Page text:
Egon Wellesz

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Egon Wellesz
Egon Joseph Wellesz

(1885-10-21)21 October 1885
Died9 November 1974(1974-11-09) (aged 89)
Oxford, U.K.
  • Musicologist
  • Composer
  • Academic teacher
OrganizationLincoln College, Oxford

Egon Joseph Wellesz (21 October 1885 – Oxford, 9 November 1974) was an Austrian, later British composer, teacher and musicologist, notable particularly in the field of Byzantine music.


Wellesz was born in Vienna. Although both parents of Wellesz's were Hungarian Christians, they both had Jewish ancestry. He received a Protestant upbringing, but later converted to Catholicism. Wellesz, who had originally studied law in accordance with his father's wishes, devoted himself entirely to music after attending a performance of Der Freischütz staged by Gustav Mahler at the Vienna Court Opera.[1] He studied in Vienna under Arnold Schoenberg – purportedly his first private pupil – as well as Guido Adler, who founded the musicological institute in Vienna and was a leading editor of the Austrian Denkmäler. These dual influences shaped much of his musical and scholarly thought. In 1913, Wellesz embarked upon what would become a lifelong interest in the musical achievements of Byzantium.

Wellesz left Austria for England in the wake of the Anschluss – more specifically, Wellesz was in Amsterdam at the time by good fortune, to hear his orchestral piece Prosperos Beschwörungen conducted by Bruno Walter on that day.[2] In England he was interned as an enemy alien, ultimately in Hutchinson Camp in the Isle of Man, but he gained his release in 1943 thanks to the intercession of H. C. Colles, the long-standing chief music critic of The Times.[3] Altogether he wrote nine symphonies and an equal number of string quartets, the former starting, in 1945,[4] only with his arrival in England and the latter series of works spread throughout his life. Other compositions by him include operas, one of which (Die Bakchantinnen) was revived and recorded; an octet with the same instrumentation as Schubert's; piano and violin concertos (one of each); and a suite for violin and orchestra. Stylistically his earliest music, somewhat like that of Ernst Krenek, is in a harsh but recognisably tonal style; there is a definite second period of sorts around the time of the first two symphonies (1940s) in which his music has a somewhat Brucknerian sound – in the symphonies sometimes an equal breadth,[4] though still with something of a 20th-century feel and harmonies – but after his fourth symphony (the Austriaca) his music is more tonally vague in character, with serial techniques used. This idiom is consistent with hints of tonality, such as can be found in his eighth string quartet.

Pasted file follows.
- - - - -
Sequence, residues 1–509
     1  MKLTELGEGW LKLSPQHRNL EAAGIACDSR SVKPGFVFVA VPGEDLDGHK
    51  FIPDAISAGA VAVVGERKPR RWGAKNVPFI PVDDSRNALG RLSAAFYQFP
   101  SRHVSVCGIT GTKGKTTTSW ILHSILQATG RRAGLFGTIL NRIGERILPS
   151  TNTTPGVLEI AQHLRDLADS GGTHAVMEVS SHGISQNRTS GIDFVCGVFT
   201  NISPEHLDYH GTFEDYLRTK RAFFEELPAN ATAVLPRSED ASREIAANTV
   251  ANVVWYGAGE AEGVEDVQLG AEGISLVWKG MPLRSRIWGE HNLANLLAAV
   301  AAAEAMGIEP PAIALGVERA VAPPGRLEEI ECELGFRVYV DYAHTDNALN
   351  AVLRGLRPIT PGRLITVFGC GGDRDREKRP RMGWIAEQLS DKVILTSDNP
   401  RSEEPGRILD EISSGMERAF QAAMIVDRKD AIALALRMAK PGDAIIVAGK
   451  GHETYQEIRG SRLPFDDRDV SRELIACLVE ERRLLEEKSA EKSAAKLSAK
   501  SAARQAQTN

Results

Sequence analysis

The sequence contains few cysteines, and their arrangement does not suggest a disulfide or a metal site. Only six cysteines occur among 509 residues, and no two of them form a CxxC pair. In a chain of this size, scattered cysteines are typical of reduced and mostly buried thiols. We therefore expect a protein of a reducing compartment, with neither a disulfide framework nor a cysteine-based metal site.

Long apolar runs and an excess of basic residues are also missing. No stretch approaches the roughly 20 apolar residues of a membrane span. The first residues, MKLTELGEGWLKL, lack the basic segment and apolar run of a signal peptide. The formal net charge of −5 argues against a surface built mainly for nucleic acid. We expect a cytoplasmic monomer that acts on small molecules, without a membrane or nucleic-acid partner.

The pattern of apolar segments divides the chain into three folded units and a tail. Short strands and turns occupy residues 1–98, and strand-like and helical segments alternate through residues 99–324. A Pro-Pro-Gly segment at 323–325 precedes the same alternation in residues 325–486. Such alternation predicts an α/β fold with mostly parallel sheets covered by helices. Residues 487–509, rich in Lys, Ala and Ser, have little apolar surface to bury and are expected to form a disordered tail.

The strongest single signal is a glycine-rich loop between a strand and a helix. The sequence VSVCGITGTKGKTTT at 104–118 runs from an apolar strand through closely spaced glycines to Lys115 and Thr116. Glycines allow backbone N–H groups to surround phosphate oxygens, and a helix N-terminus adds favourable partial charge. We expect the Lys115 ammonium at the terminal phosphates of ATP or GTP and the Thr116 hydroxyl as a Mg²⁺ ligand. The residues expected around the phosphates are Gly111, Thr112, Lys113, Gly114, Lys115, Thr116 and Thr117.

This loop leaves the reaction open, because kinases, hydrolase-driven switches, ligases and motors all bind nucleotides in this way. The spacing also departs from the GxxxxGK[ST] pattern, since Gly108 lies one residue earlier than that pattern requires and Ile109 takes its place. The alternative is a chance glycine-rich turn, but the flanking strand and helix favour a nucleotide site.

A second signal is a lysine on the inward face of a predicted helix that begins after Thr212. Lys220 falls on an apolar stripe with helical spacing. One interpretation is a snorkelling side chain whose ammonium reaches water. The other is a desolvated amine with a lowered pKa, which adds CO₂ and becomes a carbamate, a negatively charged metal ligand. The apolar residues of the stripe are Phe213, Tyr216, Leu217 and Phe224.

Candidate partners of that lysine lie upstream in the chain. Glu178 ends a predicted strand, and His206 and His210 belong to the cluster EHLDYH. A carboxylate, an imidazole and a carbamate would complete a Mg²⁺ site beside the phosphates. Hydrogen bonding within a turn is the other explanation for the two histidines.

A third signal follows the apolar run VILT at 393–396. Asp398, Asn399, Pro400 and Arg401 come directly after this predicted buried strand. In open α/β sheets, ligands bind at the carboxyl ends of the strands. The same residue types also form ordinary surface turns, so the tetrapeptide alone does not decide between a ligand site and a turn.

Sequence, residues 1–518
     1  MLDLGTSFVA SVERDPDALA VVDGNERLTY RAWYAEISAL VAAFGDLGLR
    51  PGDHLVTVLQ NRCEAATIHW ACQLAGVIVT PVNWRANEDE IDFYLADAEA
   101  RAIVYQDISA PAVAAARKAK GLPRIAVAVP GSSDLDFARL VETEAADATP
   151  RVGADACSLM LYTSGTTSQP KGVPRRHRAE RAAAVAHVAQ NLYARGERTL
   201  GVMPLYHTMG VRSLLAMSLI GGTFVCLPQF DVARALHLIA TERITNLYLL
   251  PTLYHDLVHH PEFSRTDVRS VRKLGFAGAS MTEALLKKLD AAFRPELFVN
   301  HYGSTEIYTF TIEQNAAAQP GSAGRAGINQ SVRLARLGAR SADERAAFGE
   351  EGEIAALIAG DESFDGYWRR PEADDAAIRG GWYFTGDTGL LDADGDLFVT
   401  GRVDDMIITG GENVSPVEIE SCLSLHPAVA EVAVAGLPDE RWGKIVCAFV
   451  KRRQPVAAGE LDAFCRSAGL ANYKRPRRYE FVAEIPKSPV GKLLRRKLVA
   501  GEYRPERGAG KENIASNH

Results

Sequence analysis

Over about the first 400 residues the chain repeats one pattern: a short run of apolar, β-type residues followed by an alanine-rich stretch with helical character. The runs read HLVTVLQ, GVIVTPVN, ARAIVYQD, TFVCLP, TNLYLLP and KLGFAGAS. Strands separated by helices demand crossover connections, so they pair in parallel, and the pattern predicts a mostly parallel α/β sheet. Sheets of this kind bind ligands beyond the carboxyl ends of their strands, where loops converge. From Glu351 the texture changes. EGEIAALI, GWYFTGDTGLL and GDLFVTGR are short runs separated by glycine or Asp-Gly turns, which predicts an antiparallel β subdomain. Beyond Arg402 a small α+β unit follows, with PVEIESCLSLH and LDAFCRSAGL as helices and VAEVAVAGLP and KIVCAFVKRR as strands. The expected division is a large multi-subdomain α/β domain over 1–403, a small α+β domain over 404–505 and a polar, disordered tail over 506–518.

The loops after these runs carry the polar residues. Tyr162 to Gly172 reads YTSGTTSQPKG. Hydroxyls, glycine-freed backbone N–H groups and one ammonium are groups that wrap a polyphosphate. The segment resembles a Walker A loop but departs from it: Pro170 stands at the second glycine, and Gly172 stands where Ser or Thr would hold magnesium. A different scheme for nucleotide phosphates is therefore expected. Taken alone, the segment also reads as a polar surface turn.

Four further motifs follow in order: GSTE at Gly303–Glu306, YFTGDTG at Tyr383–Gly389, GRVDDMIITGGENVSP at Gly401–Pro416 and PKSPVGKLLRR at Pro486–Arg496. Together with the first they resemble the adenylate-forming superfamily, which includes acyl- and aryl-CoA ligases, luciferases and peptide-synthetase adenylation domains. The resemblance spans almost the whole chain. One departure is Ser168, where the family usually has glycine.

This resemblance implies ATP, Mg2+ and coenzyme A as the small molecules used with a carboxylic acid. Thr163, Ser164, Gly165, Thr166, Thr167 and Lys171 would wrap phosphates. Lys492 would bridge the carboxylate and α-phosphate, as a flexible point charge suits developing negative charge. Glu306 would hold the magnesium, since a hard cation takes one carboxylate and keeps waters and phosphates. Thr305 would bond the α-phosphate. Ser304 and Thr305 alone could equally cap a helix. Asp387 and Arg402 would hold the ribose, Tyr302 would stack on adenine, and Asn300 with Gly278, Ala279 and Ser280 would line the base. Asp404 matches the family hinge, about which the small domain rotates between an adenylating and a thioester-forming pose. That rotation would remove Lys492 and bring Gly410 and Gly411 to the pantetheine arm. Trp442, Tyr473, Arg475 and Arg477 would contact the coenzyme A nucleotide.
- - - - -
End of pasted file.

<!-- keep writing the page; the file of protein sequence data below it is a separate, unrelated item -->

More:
Grave of Egon Wellesz, his wife and other family members at the Zentralfriedhof in Vienna

Despite his composing, Wellesz remains best known for his extensive scholarly contributions to the study of Byzantine music. These contributions brought for him an honorary doctorate from Oxford (where he later taught) in 1932.

A portrait was made of Wellesz by Jean Cooke, who had been commissioned for the work by Lincoln College, University of Oxford. Wellesz died in Oxford.[5][6]